An international team of scientists has identified four genes that appear to be crucial to the development of Alzheimer’s disease, paving the way for potential new diagnosis and treatment techniques.
The findings, reported in the journal Nature Genetics, were the result of a research project involving 80 scientists at 71 institutions in eight countries. University of California-Davis neurologist Charles DeCarli, who led the initiative, said the study provides a new understanding of the genetic components of Alzheimer's and brain development.
"With this study, we have new evidence that aging… and memory are influenced by specific genes," DeCarli said. "Understanding how these genes affect the development and aging of the [brain] may give us new tools to delay memory loss with advanced age and possibly reduce the impact of such diseases as Alzheimer's disease."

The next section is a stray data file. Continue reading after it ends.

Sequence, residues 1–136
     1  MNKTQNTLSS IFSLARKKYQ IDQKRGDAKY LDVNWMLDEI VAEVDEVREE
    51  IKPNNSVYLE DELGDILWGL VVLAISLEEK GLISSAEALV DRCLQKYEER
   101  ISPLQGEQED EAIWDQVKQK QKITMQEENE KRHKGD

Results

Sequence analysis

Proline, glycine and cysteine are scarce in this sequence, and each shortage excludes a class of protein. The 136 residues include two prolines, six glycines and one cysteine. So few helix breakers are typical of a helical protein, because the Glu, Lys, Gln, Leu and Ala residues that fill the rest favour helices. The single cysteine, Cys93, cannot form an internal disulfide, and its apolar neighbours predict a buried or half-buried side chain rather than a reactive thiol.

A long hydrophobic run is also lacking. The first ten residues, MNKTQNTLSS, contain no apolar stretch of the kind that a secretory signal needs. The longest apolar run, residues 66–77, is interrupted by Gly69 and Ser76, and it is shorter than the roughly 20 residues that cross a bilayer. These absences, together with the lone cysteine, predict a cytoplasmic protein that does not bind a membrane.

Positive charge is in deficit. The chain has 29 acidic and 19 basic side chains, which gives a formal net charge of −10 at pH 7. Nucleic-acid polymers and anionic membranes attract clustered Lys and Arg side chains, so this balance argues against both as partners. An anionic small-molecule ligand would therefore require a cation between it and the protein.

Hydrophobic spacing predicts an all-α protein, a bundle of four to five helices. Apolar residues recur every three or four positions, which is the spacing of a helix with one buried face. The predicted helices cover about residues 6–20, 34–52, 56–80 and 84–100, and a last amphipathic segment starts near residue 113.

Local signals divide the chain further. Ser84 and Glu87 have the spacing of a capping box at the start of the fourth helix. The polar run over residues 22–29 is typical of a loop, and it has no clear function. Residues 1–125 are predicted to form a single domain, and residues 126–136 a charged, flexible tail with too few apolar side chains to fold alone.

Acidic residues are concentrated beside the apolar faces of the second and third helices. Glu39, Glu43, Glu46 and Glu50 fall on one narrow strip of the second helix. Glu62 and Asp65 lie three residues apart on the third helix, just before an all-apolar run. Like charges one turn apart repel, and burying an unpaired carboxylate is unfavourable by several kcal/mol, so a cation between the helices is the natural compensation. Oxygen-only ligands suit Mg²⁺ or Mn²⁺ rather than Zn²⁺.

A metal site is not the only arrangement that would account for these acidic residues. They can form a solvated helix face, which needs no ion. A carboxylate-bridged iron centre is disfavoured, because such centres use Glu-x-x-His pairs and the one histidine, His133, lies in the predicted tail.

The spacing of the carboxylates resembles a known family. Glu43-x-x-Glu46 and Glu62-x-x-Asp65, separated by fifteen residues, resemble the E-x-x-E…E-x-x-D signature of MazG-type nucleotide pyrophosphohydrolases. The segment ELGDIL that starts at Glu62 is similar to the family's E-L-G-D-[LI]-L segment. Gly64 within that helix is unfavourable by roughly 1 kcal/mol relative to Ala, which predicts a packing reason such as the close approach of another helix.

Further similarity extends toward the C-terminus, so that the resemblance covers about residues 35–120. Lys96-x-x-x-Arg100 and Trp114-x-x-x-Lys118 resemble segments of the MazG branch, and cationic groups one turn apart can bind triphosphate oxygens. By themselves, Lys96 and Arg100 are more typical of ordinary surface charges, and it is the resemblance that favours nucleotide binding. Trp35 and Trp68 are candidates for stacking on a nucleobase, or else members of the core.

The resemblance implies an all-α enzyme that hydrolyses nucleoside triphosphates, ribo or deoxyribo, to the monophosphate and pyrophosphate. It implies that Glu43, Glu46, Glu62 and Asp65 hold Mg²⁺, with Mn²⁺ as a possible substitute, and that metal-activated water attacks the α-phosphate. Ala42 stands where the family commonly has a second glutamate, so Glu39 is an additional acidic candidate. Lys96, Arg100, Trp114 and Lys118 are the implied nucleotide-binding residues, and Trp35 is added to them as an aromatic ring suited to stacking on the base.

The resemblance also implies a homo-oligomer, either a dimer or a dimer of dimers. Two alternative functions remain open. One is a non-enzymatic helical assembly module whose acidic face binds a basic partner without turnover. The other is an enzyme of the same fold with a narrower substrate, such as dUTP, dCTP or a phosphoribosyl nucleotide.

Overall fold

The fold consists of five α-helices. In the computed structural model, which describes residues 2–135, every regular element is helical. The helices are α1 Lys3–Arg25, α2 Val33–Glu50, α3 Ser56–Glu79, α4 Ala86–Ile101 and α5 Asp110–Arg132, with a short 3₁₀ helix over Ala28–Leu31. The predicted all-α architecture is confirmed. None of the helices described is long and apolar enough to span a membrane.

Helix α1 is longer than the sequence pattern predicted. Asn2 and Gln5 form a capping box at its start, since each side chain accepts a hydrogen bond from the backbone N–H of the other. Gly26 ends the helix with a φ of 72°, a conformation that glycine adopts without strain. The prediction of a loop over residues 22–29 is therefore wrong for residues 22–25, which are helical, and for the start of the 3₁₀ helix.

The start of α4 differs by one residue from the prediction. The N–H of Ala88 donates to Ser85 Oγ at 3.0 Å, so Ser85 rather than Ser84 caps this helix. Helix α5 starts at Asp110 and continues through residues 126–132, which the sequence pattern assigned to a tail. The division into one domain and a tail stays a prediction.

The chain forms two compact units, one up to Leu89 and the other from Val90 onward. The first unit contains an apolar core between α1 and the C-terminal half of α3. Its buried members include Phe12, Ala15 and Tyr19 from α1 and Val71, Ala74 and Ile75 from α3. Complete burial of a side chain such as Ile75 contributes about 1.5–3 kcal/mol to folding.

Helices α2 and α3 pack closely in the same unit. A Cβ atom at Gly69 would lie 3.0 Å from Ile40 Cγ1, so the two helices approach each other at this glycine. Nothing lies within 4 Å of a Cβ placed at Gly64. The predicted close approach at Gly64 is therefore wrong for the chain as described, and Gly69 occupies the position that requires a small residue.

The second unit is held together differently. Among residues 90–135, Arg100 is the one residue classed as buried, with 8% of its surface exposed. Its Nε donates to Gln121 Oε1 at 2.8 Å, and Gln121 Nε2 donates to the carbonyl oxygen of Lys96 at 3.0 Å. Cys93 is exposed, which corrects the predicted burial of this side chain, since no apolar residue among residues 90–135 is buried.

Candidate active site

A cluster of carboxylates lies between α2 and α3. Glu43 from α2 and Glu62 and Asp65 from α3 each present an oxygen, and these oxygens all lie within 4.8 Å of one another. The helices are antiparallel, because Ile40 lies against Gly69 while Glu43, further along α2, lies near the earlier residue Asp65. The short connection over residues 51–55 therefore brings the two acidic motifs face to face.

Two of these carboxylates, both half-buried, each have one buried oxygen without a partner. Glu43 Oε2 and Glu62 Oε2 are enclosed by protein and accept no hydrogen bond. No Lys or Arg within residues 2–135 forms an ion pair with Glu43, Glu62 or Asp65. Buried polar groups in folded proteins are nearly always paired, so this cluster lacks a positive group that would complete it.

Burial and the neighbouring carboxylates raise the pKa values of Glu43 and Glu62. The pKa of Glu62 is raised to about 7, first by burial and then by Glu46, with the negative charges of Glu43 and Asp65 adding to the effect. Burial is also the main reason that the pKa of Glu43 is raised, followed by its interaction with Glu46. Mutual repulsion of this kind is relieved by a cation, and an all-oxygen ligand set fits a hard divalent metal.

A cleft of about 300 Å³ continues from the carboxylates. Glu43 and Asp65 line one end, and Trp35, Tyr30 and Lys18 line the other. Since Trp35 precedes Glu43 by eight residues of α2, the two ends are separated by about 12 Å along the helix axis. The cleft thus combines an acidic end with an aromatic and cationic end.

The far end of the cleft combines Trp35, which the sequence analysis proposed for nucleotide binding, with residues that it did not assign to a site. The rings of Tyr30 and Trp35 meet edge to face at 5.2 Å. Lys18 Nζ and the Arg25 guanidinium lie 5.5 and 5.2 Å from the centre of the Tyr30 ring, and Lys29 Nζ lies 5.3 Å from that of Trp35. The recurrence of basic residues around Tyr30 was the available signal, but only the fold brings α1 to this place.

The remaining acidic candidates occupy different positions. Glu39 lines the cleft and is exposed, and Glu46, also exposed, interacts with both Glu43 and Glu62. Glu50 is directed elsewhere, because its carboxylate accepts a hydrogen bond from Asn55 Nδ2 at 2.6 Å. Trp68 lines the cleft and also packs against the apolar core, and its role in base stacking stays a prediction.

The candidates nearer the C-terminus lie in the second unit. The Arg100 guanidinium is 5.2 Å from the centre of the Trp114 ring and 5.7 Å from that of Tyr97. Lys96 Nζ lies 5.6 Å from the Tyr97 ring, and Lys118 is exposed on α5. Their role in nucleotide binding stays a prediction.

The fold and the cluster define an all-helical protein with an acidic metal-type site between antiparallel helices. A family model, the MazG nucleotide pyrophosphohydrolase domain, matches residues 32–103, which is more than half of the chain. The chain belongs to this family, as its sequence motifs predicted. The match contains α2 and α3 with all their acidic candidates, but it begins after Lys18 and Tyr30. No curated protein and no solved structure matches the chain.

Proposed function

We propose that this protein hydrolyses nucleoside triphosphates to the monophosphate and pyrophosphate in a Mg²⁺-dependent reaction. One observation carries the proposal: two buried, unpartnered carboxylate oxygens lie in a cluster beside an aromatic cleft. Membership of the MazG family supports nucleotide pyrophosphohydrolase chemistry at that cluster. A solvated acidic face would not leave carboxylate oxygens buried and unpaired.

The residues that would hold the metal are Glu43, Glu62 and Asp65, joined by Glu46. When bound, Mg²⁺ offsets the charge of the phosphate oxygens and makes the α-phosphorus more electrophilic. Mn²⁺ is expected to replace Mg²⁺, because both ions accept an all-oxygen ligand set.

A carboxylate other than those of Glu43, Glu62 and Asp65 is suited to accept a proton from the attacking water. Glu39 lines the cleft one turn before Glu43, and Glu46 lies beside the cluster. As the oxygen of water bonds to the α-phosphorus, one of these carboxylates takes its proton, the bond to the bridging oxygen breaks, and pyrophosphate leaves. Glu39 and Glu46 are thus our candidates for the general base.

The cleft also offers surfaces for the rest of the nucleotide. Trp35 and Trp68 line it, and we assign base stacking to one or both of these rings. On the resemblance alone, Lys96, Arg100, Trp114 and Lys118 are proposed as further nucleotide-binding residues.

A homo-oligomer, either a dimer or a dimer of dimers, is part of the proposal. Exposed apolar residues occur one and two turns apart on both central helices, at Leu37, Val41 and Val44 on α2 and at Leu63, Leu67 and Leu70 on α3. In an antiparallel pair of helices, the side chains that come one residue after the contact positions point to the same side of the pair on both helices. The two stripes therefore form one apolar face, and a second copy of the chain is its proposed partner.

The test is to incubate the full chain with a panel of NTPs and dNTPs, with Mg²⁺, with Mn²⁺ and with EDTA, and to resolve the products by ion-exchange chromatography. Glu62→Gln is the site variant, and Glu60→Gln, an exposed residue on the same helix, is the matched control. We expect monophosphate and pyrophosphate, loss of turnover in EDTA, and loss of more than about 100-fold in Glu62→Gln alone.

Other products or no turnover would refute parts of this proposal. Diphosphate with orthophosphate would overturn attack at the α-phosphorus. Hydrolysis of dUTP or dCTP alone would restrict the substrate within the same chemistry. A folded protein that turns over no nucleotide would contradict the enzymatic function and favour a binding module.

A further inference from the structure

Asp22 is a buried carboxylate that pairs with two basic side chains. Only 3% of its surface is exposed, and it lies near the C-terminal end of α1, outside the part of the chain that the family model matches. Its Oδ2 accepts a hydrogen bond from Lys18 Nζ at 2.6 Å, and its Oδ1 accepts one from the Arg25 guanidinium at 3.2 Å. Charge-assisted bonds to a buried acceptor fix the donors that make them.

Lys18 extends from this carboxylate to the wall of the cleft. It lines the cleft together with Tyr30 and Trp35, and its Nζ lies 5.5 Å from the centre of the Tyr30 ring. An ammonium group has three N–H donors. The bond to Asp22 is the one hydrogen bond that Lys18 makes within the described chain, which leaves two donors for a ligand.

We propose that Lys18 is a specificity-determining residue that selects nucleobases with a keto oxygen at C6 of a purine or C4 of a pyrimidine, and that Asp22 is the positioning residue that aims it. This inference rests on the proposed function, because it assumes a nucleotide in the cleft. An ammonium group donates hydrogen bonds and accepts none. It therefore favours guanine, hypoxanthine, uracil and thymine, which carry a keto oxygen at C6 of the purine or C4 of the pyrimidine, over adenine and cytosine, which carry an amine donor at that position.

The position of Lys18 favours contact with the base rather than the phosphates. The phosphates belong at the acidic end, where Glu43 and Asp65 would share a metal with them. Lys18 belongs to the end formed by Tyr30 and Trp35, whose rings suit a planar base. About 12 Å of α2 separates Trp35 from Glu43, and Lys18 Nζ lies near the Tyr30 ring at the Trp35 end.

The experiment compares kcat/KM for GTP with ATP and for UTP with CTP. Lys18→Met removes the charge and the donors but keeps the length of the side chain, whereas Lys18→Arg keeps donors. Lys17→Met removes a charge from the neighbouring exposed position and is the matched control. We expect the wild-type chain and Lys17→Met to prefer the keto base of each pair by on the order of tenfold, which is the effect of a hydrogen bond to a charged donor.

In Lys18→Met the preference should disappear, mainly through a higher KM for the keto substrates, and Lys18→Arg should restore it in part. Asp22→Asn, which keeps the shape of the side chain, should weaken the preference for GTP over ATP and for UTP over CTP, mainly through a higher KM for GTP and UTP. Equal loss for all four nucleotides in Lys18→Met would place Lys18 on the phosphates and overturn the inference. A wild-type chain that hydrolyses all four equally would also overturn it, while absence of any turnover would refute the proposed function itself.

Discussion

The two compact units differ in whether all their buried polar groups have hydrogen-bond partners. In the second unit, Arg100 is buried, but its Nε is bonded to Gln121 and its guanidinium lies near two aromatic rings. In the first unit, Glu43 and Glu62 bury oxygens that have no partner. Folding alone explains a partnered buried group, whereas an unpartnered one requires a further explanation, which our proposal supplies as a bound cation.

For the study, researchers analyzed the genes of more than 9,000 people and found certain versions of four genes may speed shrinkage of the region of the brain involved in making memories. That area, known as the hippocampus, shrinks with age, but speeding up that process could increase the risk of Alzheimer's.
The risk of Alzheimer's doubles every five years beginning at age 65, researchers noted, so a person with the unusual versions of the four genes in question face almost double the risk of developing Alzheimer's.
"This is definitely a case of 'bigger is better,'" said DeCarli. "We already know that Alzheimer's disease causes much of its damage by shrinking hippocampus volume. If someone loses a greater-than-average amount of volume due to the gene variants we've identified, the hippocampus is more vulnerable to Alzheimer's."